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OMV Redoubles Effort to Take Over MOL

OMV, Central Europe's largest oil and gas company, said Tuesday it is redoubling its efforts to take over Hungary's MOL and has launched legal proceedings in an attempt to stop the Hungarian government from blocking the acquisition.

Wolfgang Ruttenstorfer, CEO of the Austrian petroleum giant, urged MOL's board of directors to remove all hurdles to the deal and let shareholders decide for themselves.

"The financial benefits of the offer we would be prepared to make and the strategic rationale have received a strong reception from both OMV shareholders and the shareholders of MOL," Ruttenstorfer said.

In June, OMV increased its stake in MOL to 18.6 percent and announced its interest in acquiring the company. But Hungarian authorities have fiercely resisted the move, denouncing it as an attempted hostile takeover of a company regarded as a strategically important national treasure.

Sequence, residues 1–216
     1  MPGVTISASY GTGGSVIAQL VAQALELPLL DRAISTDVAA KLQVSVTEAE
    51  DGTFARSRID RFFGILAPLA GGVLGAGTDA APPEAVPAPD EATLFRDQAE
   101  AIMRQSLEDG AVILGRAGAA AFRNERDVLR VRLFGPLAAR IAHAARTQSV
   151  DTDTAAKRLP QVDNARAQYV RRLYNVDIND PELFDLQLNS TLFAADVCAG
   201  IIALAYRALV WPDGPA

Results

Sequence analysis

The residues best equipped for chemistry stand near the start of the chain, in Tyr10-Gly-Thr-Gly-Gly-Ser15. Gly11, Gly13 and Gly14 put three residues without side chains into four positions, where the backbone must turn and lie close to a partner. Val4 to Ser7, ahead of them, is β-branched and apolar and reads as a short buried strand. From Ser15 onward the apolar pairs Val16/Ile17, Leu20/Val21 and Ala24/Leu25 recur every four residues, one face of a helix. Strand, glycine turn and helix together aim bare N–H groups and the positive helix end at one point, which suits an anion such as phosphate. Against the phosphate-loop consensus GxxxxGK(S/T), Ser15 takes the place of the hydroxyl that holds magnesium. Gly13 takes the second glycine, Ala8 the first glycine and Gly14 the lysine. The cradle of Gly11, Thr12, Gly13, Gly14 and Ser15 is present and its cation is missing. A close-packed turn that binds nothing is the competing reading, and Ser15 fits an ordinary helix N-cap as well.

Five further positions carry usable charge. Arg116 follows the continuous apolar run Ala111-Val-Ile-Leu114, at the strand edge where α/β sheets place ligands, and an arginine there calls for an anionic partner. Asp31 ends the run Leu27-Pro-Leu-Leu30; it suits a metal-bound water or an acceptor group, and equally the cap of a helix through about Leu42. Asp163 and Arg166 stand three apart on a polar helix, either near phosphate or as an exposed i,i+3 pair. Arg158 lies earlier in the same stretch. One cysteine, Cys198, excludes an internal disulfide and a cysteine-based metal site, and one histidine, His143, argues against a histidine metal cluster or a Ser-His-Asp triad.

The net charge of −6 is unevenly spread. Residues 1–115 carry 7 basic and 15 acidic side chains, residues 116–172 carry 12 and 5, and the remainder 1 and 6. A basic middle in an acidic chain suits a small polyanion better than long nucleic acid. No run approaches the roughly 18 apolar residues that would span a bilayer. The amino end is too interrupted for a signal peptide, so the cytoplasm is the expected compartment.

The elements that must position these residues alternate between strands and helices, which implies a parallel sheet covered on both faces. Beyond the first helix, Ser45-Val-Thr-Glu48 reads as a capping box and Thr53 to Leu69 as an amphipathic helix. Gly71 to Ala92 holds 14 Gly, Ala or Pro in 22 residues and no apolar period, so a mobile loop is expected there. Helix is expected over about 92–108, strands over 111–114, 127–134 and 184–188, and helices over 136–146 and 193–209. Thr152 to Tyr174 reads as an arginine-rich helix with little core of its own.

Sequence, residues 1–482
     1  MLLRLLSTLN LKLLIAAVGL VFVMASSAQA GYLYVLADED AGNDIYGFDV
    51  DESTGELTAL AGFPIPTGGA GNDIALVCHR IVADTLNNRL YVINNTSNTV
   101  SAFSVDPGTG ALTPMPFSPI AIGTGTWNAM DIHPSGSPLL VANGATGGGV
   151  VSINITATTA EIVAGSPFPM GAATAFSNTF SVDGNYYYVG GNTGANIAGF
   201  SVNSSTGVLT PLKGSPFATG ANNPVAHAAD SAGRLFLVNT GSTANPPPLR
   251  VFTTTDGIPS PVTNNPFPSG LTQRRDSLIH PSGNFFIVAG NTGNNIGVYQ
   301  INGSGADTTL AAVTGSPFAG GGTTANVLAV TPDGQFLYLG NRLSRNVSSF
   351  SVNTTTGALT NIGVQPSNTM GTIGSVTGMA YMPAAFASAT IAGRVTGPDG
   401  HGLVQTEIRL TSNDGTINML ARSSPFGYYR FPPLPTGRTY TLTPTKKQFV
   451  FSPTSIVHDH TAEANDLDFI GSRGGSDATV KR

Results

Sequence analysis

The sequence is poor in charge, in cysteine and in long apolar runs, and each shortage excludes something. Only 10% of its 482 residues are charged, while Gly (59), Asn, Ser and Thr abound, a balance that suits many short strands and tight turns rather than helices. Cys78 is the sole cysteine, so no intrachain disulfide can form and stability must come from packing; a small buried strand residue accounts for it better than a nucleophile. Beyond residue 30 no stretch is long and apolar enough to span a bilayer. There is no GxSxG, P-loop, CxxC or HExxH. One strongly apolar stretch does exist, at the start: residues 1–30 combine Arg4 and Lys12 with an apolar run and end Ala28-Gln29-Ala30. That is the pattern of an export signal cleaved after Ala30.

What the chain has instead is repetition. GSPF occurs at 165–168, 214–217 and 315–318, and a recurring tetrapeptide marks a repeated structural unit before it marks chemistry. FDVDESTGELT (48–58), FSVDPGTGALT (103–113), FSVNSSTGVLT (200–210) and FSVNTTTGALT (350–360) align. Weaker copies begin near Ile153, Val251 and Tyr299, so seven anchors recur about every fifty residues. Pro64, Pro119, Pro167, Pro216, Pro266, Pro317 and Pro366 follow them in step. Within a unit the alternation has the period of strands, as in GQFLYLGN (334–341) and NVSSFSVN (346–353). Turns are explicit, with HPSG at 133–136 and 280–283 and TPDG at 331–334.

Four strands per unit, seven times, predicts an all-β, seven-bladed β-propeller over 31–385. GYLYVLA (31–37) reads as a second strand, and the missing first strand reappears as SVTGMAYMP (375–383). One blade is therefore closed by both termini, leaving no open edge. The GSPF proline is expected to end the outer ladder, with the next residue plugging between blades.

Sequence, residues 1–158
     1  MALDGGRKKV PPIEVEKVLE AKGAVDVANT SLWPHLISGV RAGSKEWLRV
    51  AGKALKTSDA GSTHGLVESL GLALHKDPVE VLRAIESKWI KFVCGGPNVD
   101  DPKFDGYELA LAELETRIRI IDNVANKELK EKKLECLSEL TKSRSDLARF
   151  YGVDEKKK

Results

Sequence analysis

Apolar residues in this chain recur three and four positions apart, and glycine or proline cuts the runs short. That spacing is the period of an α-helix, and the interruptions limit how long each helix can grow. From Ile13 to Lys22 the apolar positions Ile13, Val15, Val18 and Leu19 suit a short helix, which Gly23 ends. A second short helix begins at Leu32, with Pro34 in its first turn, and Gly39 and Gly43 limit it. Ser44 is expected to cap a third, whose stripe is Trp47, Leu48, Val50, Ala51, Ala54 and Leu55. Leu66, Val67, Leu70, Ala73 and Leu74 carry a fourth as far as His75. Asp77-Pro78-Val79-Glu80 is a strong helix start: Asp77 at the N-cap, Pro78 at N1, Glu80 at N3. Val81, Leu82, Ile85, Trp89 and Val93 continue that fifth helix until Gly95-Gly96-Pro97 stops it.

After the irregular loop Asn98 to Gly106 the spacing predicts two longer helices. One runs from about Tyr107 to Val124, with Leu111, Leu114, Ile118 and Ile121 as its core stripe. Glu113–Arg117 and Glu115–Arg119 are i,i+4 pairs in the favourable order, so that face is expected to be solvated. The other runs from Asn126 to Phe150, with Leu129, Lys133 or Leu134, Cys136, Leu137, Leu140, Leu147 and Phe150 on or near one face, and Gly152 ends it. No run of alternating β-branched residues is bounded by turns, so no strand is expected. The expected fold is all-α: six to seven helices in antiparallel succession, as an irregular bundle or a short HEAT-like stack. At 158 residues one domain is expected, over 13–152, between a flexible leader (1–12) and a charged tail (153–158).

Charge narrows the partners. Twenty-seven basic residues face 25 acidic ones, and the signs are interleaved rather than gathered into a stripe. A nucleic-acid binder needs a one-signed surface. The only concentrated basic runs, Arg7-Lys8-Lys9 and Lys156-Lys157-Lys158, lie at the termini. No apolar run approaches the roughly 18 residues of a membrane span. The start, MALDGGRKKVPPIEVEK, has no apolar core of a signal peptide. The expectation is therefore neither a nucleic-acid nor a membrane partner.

If MOL's board does not respond to OMV's latest overtures, the Austrian company said it was prepared to initiate an extraordinary general meeting "to enable all of MOL's shareholders to exercise their rights as owners of the company."

OMV's buyout offer -- valued at about 14 billion euros ($20.5 billion) -- would boost its standing as a major player in the global oil and gas market.

OMV said its lawsuit would seek to abolish a voting limit the Hungarian government now imposes that currently allows MOL shareholders -- regardless of how large a stake they hold in the company -- a maximum voting power equaling 10 percent of all votes cast.

That limit prevents investors from effectively gaining control of the company even if they acquire well over a majority of all shares.

OMV on Tuesday also called on the European Commission to declare Hungary in violation of EU antitrust regulations.

Last spring, OMV angered the U.S. government by announcing a preliminary agreement with Iranian officials to develop Iran's Pars gas fields. Washington warned that the deal would undermine sanctions against Iran meant to keep it from obtaining nuclear weaponry.

OMV's holdings include a majority stake in Romania's Petrom, now known as OMV Petrom, which the Austrian company acquired in 2004.

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